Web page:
There is still much to learn about the NFL’s rule change on a player lowering his helmet to initiate contact.
Specifically, how the rule will be enforced by officials during a game, Dallas Cowboys coach Jason Garrett said.
In short, the change makes it a foul if a player lowers his helmet to “initiate and make contact” against an opponent. It can be flagged for a 15-yard penalty and lead to an ejection.
“I would say I have a decent understanding. I’ve been in a lot of conversations [with the league],” Garrett said. “They do a very good job of trying to explain what it is and why they want to do things a certain way.”
Premium content for only $0.99
For the most comprehensive local coverage, subscribe today.
But teams won’t have a full understanding of how the change is going to work during a game until they see how it’s executed by the officiating crew. Garrett said the theory behind the rule is nothing new, that players have always been taught to keep their helmets up, not down, to prevent injury.
“Ever since we were playing Pop Warner, we were told don’t put your head down, don’t spear a guy,” he said. “We’ve never lived in a world where that was what we wanted from our players. That’s how we all learned how to play football. So we’re trying to get back to that. And they do such a good job statistically looking at these different things to make the game safer. So it’s all well intended. I know there’s some anxiety that everybody has, but once it gets going it will all clarify itself.”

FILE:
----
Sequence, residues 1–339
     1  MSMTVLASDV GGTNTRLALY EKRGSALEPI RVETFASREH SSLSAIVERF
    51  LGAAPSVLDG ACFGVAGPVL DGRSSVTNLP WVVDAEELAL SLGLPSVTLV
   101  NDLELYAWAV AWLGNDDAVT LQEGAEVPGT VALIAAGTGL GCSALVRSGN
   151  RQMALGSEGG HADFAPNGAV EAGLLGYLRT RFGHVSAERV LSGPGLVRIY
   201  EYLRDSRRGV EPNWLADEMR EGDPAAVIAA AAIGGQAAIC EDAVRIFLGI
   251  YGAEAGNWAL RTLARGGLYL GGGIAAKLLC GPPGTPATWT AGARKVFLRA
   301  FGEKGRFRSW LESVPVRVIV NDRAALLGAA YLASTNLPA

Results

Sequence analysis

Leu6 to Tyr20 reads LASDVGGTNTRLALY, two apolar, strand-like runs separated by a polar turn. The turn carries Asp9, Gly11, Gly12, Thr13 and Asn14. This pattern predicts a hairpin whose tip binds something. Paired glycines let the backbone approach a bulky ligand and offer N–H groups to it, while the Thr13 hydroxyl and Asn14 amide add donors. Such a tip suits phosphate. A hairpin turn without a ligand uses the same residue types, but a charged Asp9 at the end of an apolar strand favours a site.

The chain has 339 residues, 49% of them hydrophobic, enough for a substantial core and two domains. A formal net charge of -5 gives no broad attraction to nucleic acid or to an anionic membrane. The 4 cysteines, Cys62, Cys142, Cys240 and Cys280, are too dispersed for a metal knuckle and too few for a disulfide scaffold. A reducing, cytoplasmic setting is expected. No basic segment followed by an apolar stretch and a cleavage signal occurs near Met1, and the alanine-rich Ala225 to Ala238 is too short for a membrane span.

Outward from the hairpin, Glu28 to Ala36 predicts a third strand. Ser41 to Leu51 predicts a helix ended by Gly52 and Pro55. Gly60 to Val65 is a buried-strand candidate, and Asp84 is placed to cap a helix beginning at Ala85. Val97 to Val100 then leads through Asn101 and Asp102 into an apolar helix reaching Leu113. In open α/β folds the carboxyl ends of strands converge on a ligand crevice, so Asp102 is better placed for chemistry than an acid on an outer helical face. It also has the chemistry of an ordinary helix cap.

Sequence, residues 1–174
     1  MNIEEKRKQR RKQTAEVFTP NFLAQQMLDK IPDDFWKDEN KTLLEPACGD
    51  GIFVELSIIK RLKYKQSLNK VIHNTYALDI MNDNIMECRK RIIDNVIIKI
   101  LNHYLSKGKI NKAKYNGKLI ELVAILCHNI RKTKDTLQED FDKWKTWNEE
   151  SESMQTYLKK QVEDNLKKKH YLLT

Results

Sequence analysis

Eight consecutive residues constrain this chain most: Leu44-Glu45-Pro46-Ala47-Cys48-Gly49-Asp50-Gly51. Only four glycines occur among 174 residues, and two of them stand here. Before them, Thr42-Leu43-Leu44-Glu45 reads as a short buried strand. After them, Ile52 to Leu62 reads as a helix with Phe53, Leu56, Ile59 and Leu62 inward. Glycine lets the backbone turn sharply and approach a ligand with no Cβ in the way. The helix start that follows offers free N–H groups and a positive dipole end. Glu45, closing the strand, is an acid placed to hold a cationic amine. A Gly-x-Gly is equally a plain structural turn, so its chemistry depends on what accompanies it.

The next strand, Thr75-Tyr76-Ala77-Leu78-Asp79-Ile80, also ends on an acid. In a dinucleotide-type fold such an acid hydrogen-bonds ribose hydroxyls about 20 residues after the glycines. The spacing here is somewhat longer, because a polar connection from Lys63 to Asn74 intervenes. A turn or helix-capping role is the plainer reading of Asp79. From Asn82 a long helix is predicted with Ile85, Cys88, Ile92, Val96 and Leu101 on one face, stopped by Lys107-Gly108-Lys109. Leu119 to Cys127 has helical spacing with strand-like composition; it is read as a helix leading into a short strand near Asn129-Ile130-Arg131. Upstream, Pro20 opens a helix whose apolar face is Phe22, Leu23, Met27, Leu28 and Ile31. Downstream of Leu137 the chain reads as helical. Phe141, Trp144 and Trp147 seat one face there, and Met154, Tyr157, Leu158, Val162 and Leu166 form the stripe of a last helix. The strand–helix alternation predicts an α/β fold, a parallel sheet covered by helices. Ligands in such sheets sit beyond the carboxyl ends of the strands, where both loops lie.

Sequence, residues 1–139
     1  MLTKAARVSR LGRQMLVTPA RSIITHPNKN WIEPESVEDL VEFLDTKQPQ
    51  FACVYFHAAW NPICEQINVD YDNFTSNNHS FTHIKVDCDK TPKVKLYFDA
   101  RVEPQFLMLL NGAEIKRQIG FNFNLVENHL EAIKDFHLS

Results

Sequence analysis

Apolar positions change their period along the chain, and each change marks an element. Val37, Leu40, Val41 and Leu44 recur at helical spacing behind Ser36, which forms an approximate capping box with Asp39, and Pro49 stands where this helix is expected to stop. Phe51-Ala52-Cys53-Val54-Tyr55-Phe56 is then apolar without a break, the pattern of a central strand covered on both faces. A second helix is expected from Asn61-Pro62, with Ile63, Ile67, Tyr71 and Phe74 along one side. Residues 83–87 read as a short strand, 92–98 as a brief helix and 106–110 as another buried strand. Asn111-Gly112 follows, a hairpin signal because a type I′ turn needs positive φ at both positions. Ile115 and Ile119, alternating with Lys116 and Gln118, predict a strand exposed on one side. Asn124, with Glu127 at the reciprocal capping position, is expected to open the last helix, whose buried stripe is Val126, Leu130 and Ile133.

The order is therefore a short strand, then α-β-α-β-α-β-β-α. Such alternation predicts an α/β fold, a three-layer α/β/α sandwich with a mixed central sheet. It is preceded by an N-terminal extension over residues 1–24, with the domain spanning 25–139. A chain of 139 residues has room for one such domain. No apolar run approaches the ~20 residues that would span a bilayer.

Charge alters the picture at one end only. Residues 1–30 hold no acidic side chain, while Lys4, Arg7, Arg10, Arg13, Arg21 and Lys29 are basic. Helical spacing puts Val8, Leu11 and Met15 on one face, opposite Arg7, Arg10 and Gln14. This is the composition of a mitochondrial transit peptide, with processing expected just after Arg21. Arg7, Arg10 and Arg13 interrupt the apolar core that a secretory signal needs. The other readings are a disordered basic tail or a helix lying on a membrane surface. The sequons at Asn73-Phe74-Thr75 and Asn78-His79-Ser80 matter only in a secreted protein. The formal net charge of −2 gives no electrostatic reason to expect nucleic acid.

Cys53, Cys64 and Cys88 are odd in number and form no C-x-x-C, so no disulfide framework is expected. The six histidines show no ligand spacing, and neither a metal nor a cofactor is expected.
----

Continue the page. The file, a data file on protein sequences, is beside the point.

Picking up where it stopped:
The league has tried to provide teams with footage of hits that will be flagged in 2018, but Garrett said it will still take some games to get a feel for how it will be used.
“We’re going to find out how they’re going to call it,” Garrett said. “There have been new rules that have gone in in the past and there was an anxiety everybody had … and then we start playing games and they call it a certain way and everybody gets a better feel as we go.”
Garrett said he’s never wanted his players lowering their helmets.
“You never really want them with their head down and their face mask looking straight to the ground. I don’t care what position you play, whether you’re running or tackling or blocking,” he said, while acknowledging that it still occasionally happens during the speed of the game.
“This game happens fast. And sometimes those guys get in a position where they might feel like they’re hitting with their face mask, but maybe the guy moves, maybe you move, things happen at the last second where you’re going to lead with your head and have that kind of contact.
“But nobody in this league is teaching to put your head down and hit with the top of your helmet,” he added. ”Nobody has ever taught that.”